A little over a month ago, I marked the end of my international volunteer journey. Bidding farewell to East Africa, I shed a few tears (not joyful) upon landing on the snow-covered ground in Toronto, and then stoically (not wisely) decided to return to my office the very next day.
As someone who has spent extended periods of time outside of Canada before, I am well aware of “reverse culture shock.” Also known as “re-entry stress” or “re-acculturation,” it’s the difficulty of adjusting back to your own national or local home culture or environment. Having gone through it before, I thought I had well-developed coping strategies to deal with it, and could dive back into life relatively unscathed. However, in perfect honesty, I’ve found myself in a bit of a daze. What I hadn’t taken into account is the fact that this reverse shock is experienced in a different way, and in different stages every time you return from a unique international experience, and may not always be just about “culture.”
My transition back from international volunteering to “normal life” has been a process in stages. After finishing my work with YCI and before returning to Canada, I took a few weeks to travel around Uganda and northern Tanzania. What many international volunteers may not realize is that this travelling interlude can generate its own distinct form of shock. After hard-won efforts to immerse myself with a local family, learn as much Kiswahili as possible, and understand local community realities as best I could, I found it challenging to embrace the role shift from volunteer to tourist—particularly when travelling in the country where I worked.
Despite selecting small tour operators who emphasized grassroots travel, the well-defined safari circuits we followed strongly catered to perceptions of what tourists want: controlled interaction with locals; cultural performance (e.g., a one-hour visit to a “traditional” village) versus cultural immersion; minimal demand for new language acquisition; and limited deviation from familiar Western foods. By falling into this “tourist” category, I felt acutely sensitive and resistant to these perceptions and the subsequent sugar-coating of reality that occurred, and couldn’t help but feel that my experience suddenly became…shallow.
Moreover, the way that I was perceived and expectations that I was assumed to hold, the shift in the purpose of my journey from “community contribution” to “personal enjoyment,” and the simple fact that I had the time, means and ability to travel around East Africa—motivated by curiosity and not necessity—heightened my sense of unearned and unjust privilege.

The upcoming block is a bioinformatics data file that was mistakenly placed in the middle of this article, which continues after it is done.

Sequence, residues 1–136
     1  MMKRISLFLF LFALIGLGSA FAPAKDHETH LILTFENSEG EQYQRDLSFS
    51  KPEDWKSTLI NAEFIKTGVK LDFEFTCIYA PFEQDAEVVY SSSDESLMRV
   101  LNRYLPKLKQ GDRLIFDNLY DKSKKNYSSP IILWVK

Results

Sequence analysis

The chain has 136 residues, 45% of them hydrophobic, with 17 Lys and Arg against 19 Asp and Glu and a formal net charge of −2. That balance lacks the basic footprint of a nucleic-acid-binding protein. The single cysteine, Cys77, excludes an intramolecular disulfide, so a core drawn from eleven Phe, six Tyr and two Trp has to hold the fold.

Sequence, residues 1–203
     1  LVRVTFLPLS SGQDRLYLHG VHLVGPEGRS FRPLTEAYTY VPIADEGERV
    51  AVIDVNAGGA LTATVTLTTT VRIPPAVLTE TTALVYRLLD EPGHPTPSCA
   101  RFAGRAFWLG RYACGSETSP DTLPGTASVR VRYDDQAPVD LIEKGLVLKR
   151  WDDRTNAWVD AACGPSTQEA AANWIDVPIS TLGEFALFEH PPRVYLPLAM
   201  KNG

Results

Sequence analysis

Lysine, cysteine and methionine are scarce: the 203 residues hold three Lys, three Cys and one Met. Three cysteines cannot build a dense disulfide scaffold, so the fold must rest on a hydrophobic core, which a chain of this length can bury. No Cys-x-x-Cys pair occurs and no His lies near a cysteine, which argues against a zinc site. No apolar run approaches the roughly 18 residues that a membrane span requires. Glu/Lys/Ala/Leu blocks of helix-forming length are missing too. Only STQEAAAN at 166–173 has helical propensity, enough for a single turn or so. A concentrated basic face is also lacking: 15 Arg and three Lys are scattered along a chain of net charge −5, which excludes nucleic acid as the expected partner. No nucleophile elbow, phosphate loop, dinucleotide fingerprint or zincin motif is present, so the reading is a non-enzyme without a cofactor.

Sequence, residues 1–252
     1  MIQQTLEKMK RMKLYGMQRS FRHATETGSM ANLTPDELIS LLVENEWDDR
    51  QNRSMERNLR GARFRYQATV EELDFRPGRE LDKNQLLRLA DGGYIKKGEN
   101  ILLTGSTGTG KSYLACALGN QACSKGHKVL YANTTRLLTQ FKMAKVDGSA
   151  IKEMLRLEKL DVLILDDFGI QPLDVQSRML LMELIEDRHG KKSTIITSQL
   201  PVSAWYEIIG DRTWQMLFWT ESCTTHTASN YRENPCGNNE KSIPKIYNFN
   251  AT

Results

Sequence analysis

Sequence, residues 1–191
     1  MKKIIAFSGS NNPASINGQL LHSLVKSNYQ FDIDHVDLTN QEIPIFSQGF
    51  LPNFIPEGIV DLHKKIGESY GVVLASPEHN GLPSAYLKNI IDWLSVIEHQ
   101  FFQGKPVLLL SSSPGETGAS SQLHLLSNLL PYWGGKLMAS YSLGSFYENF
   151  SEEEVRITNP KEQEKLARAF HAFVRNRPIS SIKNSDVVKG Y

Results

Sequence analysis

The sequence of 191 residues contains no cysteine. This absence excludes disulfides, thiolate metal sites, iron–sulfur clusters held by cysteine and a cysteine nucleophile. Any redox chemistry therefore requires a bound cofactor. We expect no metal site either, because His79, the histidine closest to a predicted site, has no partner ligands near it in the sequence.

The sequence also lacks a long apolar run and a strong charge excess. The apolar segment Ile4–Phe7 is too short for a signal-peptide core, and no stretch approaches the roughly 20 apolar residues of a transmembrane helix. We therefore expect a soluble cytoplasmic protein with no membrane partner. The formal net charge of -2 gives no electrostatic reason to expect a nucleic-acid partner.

The return back to Canada, armed with photographic evidence of my encounters with mountain gorillas in the rain forests of Bwindi and the wild beasts of the Serengeti, marked the beginning of a second phase of transition with its own unique shocks. One aspect of this shock has been physical, including jet lag and the major change in climate (amplified by an unseasonably cold Canadian spring). A second aspect of this shock has been cultural: following the chaos, colour and community orientation of Zanzibar, life back in Canada seems newly individualistic, sanitized and muted—feelings intensified by returning to work in a cubicle.
Beyond these very common forms of re-entry stress, the return home can also initiate a period of emotional and spiritual questioning and growth, tied to questions of equity, identity and one’s place in, and contribution to the world. For myself, I have been engaging in the process of “moral accounting”— what I refer to as one’s own personal efforts to process and come to terms with their lived experience of the world’s birth lottery—seeing and feeling major inequities in wealth, health, and opportunity. This moral accounting is something that I’ve experienced in the past, and was most acute after I returned from Ghana (my first major foray overseas). I find myself experiencing it in a different way this time; no longer a poor student, I can’t help but look at the relative material abundance and comfort of my own household with renewed eyes, and feel a conflicting mix of gratitude, sadness and disgust.
My experience in Zanzibar, like many travel experiences, was also highly introspective. There is something about having a few months of “pause” that opens the door to a great deal of self-reflection; free from every day routines and distractions, I found had the space to discover new strengths and abilities within myself, reflect on who I am and who I want to become and ponder my contribution to the world. At the same time, travel experiences can be incredibly intense—enamoured with soaking up the experience, I didn’t have a great deal of opportunity to fully digest everything I learned and experienced in real-time, and have had to use the last few weeks to slowly and retroactively mull over these insights.
This inspired soul-searching can generate its own form of pressure and agitation for change and greatly impact how (and if) you are able to return to life as it was—an uncomfortable and somewhat disconcerting revelation. Upon returning home, the most “shocking” impact may thus be realizing that you are returning to a realm of possibilities. Armed with new insights and clarity, the routines, patterns, habits and ways of thinking that you held before going abroad have already been interrupted or broken, and nothing needs to be exactly as it was.
Beyond attempting to force yourself back to “business as usual,” the challenge then becomes figuring out what you do with the new insights that you have gained, and how you decide to move forward from your experience into the realm of possibilities. This can be as simple as deciding that you want to start volunteering on social justice initiatives, to as big as a career change. My advice: take it slow, and follow your heart.